Best Animated Features 2010


Let’s put a bow on 2010 and wrap it with Art of the Cartoon’s Best Animated Features of 2010. I’ll be honest, 2010 was an an okay year in animated features, not great, just okay. I enjoyed 2009’s offering of animated goodness better than 2010, but still I have to commend all the animation studios for putting out some quality work in 2010 (by the way studios, I’m looking for a job as an animator *wink wink*). I only have a top 3 this year, so let’s go over some ground rules first:

  • I have to have seen the movie! (Yes I’m looking forward to seeing Sylvain Chomet’s The Illusionist, too bad it wasn’t released stateside in 2010, so I haven’t seen it. So it is OUT! )
  • If the animated movie was widely released in 2010, it counts!
  • I (obviously) have to have enjoyed the movie. Technical merit counts (animation, sound, etc…) but its the sum of all parts, so if I’m not entertained for the duration, then you’re not making the list.

Let’s do it! Hit the jump for the Best Animated Features 2010…

Just Missed…

Despicable Me – Welcome to the animation party Universal! In a world dominated by Pixar & Dreamworks, Despicable Me came from nowhere to earn a half billion dollars at the box office. It’s your typical supervillain with a heart of of gold affair, but it was executed very well by the team at Illumination Entertainment. Add to that the cute minions that could carry a film all by themselves and 3 little girls, and you have a summer animated hit.

PS: I also enjoyed Megamind, which was also a twist on the supervillan with a heart story. Even though I appreciated the comic book references, I feel that Despicable Me had more heart.

The Best Animated Features 2010

How To Train Your Dragon – I’m a fan of Dreamwork’s Animated Features, but I believe How To Train Your Dragon is the best film yet from that studio. Why? Because they took a chance instead of playing straight. A coming of age and acceptance story about a boy, a dragon, and two worlds that don’t understand each other could have been another walk in the park, but the action, specifically the flying sequences added an extra oompf to the animation. Plus the chance they took to add a dark twist AFTER the climax is a refreshing choice. I hope that Dreamworks takes more of these unorhodox chances in the future. Of course, I did wish the final dragon was a little more fleshed out. Chris Sanders and Dean Debiois team up once again to craft a story that is very similar to the hit they directed back in 2002, Lilo & Stitch. But that’s not a bad thing since Lilo & Stitch is last Disney animated feature that I was truly blown away with. That is until…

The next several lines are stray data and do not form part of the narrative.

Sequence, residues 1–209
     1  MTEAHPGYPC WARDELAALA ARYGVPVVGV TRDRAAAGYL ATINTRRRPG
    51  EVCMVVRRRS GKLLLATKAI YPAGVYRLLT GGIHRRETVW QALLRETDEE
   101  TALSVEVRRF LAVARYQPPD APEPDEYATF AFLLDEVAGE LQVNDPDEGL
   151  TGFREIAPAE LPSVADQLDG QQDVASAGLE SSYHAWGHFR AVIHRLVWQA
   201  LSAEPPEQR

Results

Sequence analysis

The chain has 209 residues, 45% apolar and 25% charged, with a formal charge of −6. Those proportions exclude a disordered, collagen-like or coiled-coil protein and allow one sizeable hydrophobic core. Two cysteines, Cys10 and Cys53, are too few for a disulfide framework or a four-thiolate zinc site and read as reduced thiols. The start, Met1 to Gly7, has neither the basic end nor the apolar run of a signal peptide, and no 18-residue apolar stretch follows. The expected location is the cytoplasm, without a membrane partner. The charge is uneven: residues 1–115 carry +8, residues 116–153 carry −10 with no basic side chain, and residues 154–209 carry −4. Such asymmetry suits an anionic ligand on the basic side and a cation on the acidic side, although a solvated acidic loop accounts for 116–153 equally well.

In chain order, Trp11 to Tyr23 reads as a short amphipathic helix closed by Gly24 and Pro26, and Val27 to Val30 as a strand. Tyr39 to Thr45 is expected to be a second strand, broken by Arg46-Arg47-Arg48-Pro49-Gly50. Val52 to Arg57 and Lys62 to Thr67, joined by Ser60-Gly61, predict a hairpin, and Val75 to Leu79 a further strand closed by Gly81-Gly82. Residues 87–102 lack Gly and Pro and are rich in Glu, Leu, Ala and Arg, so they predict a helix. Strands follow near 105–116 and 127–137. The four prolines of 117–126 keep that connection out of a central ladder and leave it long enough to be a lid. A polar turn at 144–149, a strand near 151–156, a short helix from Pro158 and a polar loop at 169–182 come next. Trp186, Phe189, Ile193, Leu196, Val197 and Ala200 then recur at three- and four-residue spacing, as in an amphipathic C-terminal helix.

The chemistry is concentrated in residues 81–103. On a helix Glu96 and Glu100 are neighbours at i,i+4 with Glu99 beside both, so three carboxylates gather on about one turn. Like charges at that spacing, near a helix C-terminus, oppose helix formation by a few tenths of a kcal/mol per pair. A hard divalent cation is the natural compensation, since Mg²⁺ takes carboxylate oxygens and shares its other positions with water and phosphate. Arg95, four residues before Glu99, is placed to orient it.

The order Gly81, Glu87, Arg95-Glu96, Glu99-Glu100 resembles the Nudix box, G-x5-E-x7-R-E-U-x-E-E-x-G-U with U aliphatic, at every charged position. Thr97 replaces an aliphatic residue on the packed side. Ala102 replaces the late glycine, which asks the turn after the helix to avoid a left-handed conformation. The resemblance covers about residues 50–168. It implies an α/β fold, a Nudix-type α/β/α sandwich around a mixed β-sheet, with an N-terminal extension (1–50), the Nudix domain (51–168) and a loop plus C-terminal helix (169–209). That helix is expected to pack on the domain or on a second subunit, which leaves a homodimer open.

Tangled – It’s your standard Disney princess fairy tale affair, true. The story, good, but once again just another Disney ho-hum story and the appeal is definitely more towards the tween audience, specifically of the girl kind. But I enjoyed this film… alot! Maybe that was because I truly felt like Rapunzel was a your average 18 year old teenager, complete with mood swings and a lil bit of the ere of invincibility. Through the writing, dialogoue, and body mechanics I believed she had never experienced the world outside of her. However, the real reason I truly enjoyed this film was not the story or the dialogue. It was the way the CG characters moved and felt like a 2D character. With little squashes and fluid moves that used to be only seen in 2D animation, Glen Keane (The Little Mermaid, Aladdin, Beauty & The Beast, Tarzan) absolutely placed his signature stamp on this film. I don’t how the animators and the team at Disney did it, but this was the first CG film to have that 2d feel. Welcome Back Disney! too bad, there’s one film that is still king of the mountain in 2010…

Toy Story 3 – I keep writing every year that Pixar is going to make a stinker one of these days, and every year I keep going with the obvious choice, the Pixar movie as the Best Animated Feature. Yes, it is SOO the obvious choice. I do my best to think outside the box, to choose something out of the ordinary, but looking at the sum of all the parts, Pixar movies usually deliver us amazing animation, outstanding story and writing, and outstanding emotional content with themes that make even adults think. Toy Story 3 is no different. From the societal caste undertones, to the theme of  abandonment, all the way to the touching finale, Toy Story 3 just has you hooked to the screen from the start. For a 3rd movie, it’s impressive that one can make an argument that it is THE BEST in the whole trilogy. I’m not so sure just yet, but having to even think about which movie is best is remarkable. It has even led me to rethink my best movie trilogies of all-time. All in all, Toy Story 3 is an appropriate bow on the Toy Story trilogy, and it’s the appropriate bow in the Best Animated Features of 2010.

 

 

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